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NOLS Plans Lander Expansion

by Susan Brame
Reprinted from The Leader, Summer 1999.

Plans are underway to expand NOLS' international headquarters in downtown Lander with a large, multi-phased office and green space construction project. The project will be built over several years and will boast a finished size of 40,000 square feet.

The facility was recently boosted by the donation of three city lots to the school by Wyoming State Rep. Dr. Harry Tipton and his wife, Alex. NOLS will start building new offices on the donated land in 2001. Currently, the school owns two buildings in the immediate vicinity, the historic Noble Hotel on Lander's Main Street, and the Kennedy Building at 188 North Third St. Under the plan, the Noble Hotel, a Lander landmark, will also see several upgrades and improvements.

"With our recent acquisition of the Wilderness Medicine Institute and our continued growth, this project demonstrates our commitment to the community of Lander and to downtown Lander," said Gans. NOLS has maintained its headquarters in Lander since its inception in 1965.

Tipton, who is also the speaker pro-tempore of the Wyoming State House of Representatives, said he and his wife decided to donate the land "because NOLS has been a good citizen in Lander and it keeps them downtown. We didn't want to see them move out," he said. "This will help keep downtown Lander viable."

When Tipton inherited the land in the 1980s, "NOLS asked if they could use the vacant lots for parking," Tipton said, "and I agreed." NOLS never entered into a formal agreement with Tipton over the land, and Tipton noted that Jim Ratz, executive director at the time, suggested that the school pay some rent on it.

"As I recently started looking at what to do with the property, Alex and I thought that maybe NOLS would like to own it, so we created a charitable remainder trust for them," Tipton said. "We're just pleased to have them stay here in town. Alex and I are very satisfied with how it will work out for us as well."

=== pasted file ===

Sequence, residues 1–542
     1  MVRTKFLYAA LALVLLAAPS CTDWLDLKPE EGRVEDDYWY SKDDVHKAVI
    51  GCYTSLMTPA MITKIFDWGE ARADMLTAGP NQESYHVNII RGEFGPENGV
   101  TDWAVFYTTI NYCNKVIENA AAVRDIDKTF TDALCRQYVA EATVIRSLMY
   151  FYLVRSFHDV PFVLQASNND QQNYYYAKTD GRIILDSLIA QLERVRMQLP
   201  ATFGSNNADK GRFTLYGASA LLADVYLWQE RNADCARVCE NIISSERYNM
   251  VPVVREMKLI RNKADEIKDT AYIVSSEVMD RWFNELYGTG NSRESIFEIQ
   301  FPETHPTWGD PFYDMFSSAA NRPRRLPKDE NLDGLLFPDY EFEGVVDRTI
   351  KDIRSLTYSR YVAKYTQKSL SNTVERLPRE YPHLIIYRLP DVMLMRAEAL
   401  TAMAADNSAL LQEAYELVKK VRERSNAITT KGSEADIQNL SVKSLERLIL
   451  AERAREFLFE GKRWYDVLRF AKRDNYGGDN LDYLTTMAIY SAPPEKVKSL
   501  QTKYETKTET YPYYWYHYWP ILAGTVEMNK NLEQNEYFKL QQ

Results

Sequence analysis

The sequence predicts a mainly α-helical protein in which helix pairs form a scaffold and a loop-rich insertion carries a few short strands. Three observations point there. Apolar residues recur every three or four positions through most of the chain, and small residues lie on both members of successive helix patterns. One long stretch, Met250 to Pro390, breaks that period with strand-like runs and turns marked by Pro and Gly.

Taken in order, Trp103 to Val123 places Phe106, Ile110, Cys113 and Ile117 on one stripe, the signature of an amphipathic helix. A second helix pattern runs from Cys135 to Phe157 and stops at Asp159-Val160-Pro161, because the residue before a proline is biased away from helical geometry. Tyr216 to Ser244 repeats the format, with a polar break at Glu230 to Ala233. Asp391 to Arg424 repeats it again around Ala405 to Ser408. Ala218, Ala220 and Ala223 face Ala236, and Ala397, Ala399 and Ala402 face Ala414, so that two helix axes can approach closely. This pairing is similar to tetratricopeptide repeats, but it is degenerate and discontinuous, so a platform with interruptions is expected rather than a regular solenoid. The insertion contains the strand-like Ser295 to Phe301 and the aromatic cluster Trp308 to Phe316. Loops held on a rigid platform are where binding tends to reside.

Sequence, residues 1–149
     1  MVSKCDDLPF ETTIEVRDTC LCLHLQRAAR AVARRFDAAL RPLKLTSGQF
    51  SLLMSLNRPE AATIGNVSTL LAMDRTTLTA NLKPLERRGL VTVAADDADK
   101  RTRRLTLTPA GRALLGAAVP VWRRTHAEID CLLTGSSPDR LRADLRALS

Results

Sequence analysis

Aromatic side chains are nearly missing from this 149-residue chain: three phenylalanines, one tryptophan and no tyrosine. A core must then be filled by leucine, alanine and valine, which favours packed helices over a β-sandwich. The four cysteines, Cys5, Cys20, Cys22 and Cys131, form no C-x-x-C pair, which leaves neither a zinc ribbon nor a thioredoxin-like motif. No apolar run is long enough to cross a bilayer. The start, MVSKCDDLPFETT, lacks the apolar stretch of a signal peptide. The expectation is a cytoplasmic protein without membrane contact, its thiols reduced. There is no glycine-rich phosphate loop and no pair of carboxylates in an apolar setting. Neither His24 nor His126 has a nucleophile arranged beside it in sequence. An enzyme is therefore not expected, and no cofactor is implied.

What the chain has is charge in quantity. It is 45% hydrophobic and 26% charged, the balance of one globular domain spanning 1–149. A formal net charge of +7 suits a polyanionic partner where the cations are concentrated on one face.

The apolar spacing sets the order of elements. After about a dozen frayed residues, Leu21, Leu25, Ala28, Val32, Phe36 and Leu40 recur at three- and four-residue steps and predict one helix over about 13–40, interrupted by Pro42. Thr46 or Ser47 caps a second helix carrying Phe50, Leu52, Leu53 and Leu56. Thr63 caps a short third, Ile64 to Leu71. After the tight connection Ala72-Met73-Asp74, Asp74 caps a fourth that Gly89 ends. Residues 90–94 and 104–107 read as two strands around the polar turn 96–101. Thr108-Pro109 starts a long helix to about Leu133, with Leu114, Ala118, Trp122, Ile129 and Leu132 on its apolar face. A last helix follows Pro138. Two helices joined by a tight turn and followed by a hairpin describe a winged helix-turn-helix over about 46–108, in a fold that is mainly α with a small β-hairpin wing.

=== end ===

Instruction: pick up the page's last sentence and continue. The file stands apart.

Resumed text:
A citizens committee comprised of Wyoming State Sen. Cale Case, Linda Hewitt and Lander rancher Dave Raynolds was instrumental in giving the school feedback for the project. Hewitt, the community resource coordinator for Lander, was helpful in securing a $16,000 Wyoming Business Council grant so the school could study the feasibility of expansion. She noted the importance of retaining a long-time Lander employer such as NOLS.

"NOLS puts us on the map," said Hewitt. "It makes Lander world-renowned. There's ambience downtown because of NOLS. There's a real value for the city and all the retailers with the students and staff in the downtown area. My preference was to keep NOLS in this downtown setting and it thrilled me to have the opportunity to create some jobs with one of our largest existing employers."

"This is another example where a small investment at the right time assisted a major company in Wyoming to be able to move forward on a decision which now will benefit the entire region," added John Reardon, CEO of the Wyoming Business Council. "It was a pleasure for the WBC to work with a company with such a worldwide reputation."

The school, which has felt the need for expansion of its headquarters facilities for some time, initially looked at several options in and around Lander. John Gans said the donation of the land by the Tiptons enabled the school to stay in the downtown area. "Our staff had a bias to downtown Lander," said Gans, "and the study revealed that so do our alumni. They told us that Lander is a part of their NOLS experience, so we were quite happy that we can now merge our plans with the Tiptons' gift and establish a campus downtown."

NOLS announced an $8 million endowment campaign in October 1998, and according to Gans, "We are also firmly in agreement with alumni, who felt we should complete the Campaign for Leadership on its original timeline and celebrate that completion before we begin any active fundraising for new facilities."

Reaction from NOLS staff on the facilities decision has been positive. Cheryl Jones, a Lander native who has worked at the school for more than a decade, and whose two daughters are also employees at NOLS, said that she's happy about the plans.

"I'm excited to see how NOLS and Lander have changed over the years," she said. "It makes me proud to know that NOLS is so committed to this community and to staying in and improving a historic building like the Noble Hotel."

Gans noted that the school wants to set an example for responsible development with a balance of parking, office space and green space. NOLS plans to begin building by 2001, with completion slated in a number of phases.


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